According to the World Economic Forum the number of devices connected to the Internet is growing exponentially from 5 billion in 2009 to 15 billion in 2015, and then to 50 billion in 2020.
In the US, a lot of the growth in devices connected to the Internet is in smartphones – 55% of Americans have a smartphone, and that number is expected to grow to 74% by 2016.
As smartphone use increases, healthcare is using smartphones as a medical tool to monitor health. Due to increasing computing power and decreasing cost of sensors, Mobile Health (mHealth) is enabling individuals to take their health into their own hands, as I discussed at the mHealth Summit 2012.
Deborah Estrin at the April 2013 TEDMED conference in Washington DC, examined the comprehensive power of mobile apps to improve overall health. Estrin argued that tracking the small data generated through our daily use of digital devices and applications, can provide insights into the the health of an individual. This data generated on smartphones, “digital breadcrumbs,” can be used to improve overall health-not just specific areas of health as targeted by the companies explored in my presentation of Mobile Health.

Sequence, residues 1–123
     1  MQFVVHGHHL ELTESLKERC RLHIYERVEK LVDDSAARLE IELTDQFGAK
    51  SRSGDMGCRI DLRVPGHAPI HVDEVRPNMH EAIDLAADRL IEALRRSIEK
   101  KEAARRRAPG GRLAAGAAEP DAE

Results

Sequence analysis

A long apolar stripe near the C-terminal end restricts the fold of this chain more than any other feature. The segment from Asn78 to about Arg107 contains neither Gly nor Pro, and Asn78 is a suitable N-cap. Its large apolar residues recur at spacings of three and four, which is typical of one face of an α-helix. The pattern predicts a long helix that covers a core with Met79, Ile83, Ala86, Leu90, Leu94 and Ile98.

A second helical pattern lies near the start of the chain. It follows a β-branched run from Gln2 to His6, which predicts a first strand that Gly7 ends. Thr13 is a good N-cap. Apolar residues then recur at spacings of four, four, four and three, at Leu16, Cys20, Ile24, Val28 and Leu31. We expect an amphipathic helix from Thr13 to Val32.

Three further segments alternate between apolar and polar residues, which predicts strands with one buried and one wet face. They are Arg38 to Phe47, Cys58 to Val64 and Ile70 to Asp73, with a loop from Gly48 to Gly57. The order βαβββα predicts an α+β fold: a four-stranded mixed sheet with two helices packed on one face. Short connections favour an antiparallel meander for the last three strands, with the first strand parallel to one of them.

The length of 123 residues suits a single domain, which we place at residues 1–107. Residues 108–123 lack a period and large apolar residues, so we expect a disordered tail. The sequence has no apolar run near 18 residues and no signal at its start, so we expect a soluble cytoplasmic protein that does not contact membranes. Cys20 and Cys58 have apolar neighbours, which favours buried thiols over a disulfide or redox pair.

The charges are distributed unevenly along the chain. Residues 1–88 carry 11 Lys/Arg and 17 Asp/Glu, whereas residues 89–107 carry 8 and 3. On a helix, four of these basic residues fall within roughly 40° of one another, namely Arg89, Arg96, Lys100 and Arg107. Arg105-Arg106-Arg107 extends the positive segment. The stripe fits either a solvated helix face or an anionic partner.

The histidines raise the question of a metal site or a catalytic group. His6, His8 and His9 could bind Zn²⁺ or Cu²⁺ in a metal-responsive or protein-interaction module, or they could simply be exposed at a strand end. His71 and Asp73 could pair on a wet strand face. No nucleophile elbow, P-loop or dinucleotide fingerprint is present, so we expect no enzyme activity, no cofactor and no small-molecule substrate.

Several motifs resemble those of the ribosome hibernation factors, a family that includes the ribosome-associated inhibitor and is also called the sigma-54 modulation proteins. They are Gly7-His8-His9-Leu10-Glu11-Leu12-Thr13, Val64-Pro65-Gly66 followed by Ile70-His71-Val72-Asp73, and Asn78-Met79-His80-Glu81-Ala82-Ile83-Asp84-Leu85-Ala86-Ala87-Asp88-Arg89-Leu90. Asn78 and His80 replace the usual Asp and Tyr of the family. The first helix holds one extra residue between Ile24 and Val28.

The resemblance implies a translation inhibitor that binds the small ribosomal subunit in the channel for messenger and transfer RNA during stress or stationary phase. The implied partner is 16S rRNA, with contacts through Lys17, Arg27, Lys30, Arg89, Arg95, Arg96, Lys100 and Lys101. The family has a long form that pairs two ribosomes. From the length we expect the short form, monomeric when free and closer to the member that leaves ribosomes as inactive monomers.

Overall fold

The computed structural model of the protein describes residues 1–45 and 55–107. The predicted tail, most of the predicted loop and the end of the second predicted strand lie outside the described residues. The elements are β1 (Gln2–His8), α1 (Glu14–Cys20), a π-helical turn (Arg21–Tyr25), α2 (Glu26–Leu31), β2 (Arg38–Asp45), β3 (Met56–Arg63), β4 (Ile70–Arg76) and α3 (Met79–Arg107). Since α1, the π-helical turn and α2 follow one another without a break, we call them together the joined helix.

Who is using these mHealth apps, broken down by age, gender and other factors is shown below:
Although these numbers show that only 46% of mHealth users are women, as a “misfit” who is less than 5 feet tall, I wonder how the “digital breadcrumbs” and personal data generated by the mHealth apps will be used to improve women’s health? What do you think?